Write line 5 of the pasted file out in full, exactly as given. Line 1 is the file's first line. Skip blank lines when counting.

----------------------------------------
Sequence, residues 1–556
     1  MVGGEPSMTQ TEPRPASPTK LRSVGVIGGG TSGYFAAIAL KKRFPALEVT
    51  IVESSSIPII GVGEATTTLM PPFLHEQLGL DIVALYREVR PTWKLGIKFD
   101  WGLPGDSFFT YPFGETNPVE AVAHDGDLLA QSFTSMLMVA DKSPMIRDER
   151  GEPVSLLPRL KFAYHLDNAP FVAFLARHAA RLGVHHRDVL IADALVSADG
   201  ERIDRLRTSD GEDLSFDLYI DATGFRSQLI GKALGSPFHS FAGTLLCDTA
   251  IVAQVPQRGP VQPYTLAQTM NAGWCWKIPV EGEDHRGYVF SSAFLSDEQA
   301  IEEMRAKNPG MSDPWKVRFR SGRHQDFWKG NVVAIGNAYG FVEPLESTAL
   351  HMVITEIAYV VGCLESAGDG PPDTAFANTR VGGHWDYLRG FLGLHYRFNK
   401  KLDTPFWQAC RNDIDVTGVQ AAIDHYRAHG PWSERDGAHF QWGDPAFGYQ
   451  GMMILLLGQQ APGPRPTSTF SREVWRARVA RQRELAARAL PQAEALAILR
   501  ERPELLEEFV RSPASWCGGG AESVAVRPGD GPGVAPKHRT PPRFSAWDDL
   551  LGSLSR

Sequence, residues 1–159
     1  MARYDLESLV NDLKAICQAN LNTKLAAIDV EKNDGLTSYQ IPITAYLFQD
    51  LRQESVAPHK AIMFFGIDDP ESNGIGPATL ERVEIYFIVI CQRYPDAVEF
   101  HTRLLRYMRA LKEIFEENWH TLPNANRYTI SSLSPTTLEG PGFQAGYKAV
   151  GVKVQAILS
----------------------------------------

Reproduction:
   151  GEPVSLLPRL KFAYHLDNAP FVAFLARHAA RLGVHHRDVL IADALVSADG